My understanding is that a lot of the stuff done by the ejection seat and the parachute depend upon altitude. Somehow I also reckon a lot of thos assumptions are compeltely invalid in high ground. Is the onus on the pilot to take over manual control of all the ejection systems to avoid a nasty death? Can the ejection systems be “re-mapped” if operation over high ground is anticipated?
Your question made me curious so I did a bit of googling. I found that the ejection systems typically have different modes of operation, depending on if you are low to the ground or at high altitude, going fast or slow, etc. In the high altitude mode they will deploy a drogue chute which will keep the seat oriented and slow it somewhat until you descend to something like 15,000 feet, at which point the seat will separate from the pilot and the main chute will deploy.
If you are over a tall mountain, say 20,000 feet for example, I can see the problem you are describing. You’ll hit the ground 5,000 feet above where the automatic system would deploy the main chute, which I am assuming would be rather unpleasant.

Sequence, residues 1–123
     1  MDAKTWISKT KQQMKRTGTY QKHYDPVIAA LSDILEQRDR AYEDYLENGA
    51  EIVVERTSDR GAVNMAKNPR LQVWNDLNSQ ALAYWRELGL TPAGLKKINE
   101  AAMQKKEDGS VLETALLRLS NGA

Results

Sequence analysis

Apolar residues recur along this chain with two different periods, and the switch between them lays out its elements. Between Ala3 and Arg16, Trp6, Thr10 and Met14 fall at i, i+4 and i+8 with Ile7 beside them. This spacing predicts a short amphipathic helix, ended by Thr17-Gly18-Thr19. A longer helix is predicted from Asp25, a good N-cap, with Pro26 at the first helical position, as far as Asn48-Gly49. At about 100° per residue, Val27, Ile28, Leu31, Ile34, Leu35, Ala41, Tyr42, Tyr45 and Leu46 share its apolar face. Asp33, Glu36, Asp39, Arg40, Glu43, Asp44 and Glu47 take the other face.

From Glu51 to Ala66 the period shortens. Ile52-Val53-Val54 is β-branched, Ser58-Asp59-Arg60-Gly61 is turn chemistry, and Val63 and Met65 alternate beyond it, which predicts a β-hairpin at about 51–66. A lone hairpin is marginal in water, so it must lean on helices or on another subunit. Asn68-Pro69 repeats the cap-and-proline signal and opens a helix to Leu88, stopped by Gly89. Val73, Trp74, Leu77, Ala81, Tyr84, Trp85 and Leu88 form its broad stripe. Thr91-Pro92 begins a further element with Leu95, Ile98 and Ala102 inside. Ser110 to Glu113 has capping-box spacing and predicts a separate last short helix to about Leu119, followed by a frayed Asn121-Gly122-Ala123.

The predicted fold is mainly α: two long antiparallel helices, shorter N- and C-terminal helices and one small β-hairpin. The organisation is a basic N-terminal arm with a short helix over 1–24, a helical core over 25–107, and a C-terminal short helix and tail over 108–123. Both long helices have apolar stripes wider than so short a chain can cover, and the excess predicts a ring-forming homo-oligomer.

I discovered a few things in my googling.
One is that ejection seats do apparently come with a manual override, so you’re not completely screwed if you’re up over the Himalayas.
Another thing is that ejections are rather violent, and even if you safely eject sometimes the high wind speed can rip your arms or legs off, or if you are lucky it will just break them in say half a dozen places. I’m thinking that might make it a bit difficult to operate the manual separation system.
Ejections also aren’t all that safe overall. Apparently you have about a 1 in 10 chance of dying just from the ejection. That’s better odds than riding a burning jet into the ground at 1200 mph, but still, you’d think they’d be better than that.
The last thing I learned, to my surprise, is that ejections are worse for women. On average, women weigh less than men, so they experience higher forces during ejection (force is mass times acceleration, so for the same force from the rocket motors, a lesser mass will accelerate more). Also due to their lower weight, they are more likely to oscillate when the ejection rockets fire, which makes them more prone to having their limbs broken.
Of course, assuming you survive the ejection and landing you’ll still find yourself alone in the middle of the Himalayas. Either way you’re pretty f**ed.